Top 12 Film Industry Stories of 2008:
#5: Mamma Mia! Indeed
By David Mumpower
January 13, 2009
Most of the 2008 releases at the top of the box office chart were expected. There was another Indiana Jones movie, a Pixar movie, a couple of comic book movies featuring Batman and Iron Man and a Will Smith movie. There were also a trio of animated family films and a James Bond movie in the top ten as well. Falling just outside the top ten, however, was the biggest surprise of the year...and the number one movie of all-time in England.
Mamma Mia!, a play celebrating the music of Swedish super-group ABBA, debuted on London's prestigious West End in 1999. The rather unusual story involves a bride-to-be's attempt to deduce which of three men mentioned in her mother's diary is her father. She invites the trio to her wedding festivities in hope of immediately feeling a familial bond with the right one. It's like Three Men and a Baby: 20 Years Later set to the tunes of ABBA. Oddly, this premise appeals to a lot of people. The proof of this is the fact that over the past ten years since its introduction, Mamma Mia! the musical has become one of the most popular tours in the industry. In fact, the Las Vegas version of the play is considered the most successful Broadway show the city has ever known, playing over 1,000 shows over time. Clearly, people love ABBA more than you might think.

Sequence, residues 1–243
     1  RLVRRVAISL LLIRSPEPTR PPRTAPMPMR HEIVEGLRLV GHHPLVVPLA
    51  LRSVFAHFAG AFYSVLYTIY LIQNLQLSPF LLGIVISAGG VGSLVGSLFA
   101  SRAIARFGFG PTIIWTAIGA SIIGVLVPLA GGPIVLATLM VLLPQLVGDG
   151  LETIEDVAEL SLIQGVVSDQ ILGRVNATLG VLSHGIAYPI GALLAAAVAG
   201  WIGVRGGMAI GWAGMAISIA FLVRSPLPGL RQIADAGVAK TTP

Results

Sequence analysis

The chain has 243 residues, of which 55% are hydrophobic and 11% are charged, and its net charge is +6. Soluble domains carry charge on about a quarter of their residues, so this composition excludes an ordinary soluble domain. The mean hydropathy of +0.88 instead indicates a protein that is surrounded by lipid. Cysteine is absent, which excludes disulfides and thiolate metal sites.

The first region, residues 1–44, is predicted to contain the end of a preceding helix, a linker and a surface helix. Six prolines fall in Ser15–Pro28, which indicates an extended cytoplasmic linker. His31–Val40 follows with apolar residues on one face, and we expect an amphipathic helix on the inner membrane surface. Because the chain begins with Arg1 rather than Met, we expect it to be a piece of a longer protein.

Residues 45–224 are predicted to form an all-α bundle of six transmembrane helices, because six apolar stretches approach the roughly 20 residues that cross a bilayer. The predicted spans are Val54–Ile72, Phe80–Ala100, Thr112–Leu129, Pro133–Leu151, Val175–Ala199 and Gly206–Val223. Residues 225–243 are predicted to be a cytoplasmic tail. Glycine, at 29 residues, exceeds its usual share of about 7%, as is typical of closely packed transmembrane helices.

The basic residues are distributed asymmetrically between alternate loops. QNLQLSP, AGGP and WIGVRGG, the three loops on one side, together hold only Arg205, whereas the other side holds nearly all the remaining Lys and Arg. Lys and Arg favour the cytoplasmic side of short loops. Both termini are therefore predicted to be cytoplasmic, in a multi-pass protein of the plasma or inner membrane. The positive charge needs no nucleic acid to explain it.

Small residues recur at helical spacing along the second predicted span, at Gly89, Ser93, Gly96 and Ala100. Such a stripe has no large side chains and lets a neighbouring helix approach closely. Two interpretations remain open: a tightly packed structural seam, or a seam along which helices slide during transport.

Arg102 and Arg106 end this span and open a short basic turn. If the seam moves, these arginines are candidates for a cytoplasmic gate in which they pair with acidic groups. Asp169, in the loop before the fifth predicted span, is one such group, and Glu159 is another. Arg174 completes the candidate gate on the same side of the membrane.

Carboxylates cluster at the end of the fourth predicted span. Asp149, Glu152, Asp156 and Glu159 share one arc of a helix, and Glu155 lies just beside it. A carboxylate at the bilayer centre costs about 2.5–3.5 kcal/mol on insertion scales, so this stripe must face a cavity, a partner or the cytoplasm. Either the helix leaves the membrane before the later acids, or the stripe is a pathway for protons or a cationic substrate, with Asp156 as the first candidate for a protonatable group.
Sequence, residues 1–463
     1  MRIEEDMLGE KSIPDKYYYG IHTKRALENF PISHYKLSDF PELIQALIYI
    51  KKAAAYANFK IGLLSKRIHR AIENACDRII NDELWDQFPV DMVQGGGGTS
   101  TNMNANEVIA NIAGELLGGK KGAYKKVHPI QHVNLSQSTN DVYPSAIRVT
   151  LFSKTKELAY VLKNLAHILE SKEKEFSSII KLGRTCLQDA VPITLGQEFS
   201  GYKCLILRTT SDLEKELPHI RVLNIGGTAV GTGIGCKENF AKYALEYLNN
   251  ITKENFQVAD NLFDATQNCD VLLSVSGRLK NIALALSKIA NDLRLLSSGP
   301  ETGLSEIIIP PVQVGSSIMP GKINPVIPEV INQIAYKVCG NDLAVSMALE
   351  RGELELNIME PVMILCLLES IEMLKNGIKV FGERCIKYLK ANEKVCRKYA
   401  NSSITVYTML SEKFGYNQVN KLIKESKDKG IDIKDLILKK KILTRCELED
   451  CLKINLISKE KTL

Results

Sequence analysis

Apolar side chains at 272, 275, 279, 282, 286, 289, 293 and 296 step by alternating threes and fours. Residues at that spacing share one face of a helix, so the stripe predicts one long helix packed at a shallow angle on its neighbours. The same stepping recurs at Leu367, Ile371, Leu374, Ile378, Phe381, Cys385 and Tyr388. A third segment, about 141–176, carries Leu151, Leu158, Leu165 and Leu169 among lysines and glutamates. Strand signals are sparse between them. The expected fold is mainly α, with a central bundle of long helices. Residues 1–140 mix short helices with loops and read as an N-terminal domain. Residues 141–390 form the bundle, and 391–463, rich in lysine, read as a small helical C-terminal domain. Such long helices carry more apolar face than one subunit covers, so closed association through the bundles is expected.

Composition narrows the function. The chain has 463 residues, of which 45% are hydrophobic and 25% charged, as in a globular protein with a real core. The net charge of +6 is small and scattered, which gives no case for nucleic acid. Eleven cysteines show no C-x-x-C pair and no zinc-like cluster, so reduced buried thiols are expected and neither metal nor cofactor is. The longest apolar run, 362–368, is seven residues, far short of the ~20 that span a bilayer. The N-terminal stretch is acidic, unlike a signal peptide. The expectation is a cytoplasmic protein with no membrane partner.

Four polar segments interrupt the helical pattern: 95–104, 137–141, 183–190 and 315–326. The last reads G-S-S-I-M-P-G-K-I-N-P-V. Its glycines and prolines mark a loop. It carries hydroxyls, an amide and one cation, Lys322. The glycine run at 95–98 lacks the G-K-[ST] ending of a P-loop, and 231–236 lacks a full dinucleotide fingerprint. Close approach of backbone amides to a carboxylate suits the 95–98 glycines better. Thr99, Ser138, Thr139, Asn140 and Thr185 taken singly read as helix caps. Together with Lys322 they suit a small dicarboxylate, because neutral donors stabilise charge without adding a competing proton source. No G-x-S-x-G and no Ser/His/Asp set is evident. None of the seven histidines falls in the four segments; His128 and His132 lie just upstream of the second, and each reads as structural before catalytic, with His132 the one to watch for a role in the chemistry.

A cinematic adaptation of Mamma Mia! has been considered a foregone conclusion for the past several years, but even the kind people at Universal Pictures who championed the film are shocked by the results. Assembling a dream cast that includes Colin Firth, Pierce Brosnan, Stellan Skarsgard, Christine Baranski, Julie Walters and Meryl Streep, the distributor embarked upon a faithful adaptation of the story. They even went so far as to film on an actual Greek island, the setting of the play's story. And the results speak for themselves.
Mamma Mia! was released in North America on July 18, 2008. Early reviews for the film certainly gave no indication of what we were about to witness. Barely half of the critics at Rotten Tomatoes gave the musical a thumbs up and few of the good reviews were notably passionate about it. Fortunately for the producers, paying customers proved to be a different matter. Its opening weekend of $27,751,240 made it the biggest debut ever for a musical (although it was surpassed a couple of months later by High School Musical 3: Senior Year). Obviously, a $27.7 million result is nice, but it would not be anywhere near enough on its own to distinguish a title enough for a spot on the Top Film Industry Stories of 2008 list. What made Mamma Mia! special was the way that it kept going and going and going.
After the record-setting start, Mamma Mia! fell only 36% on its second weekend to $17,746,725. This drop, modest by any realistic industry standard these days, proved to be its WORST decline during its first two months in theaters. Mamma Mia! would not see a drop of even 40% until its tenth (!) weekend. By that time, the musical had gone from a $27 million novelty that featured some awful singing by Pierce Brosnan to a $141.2 million blockbuster.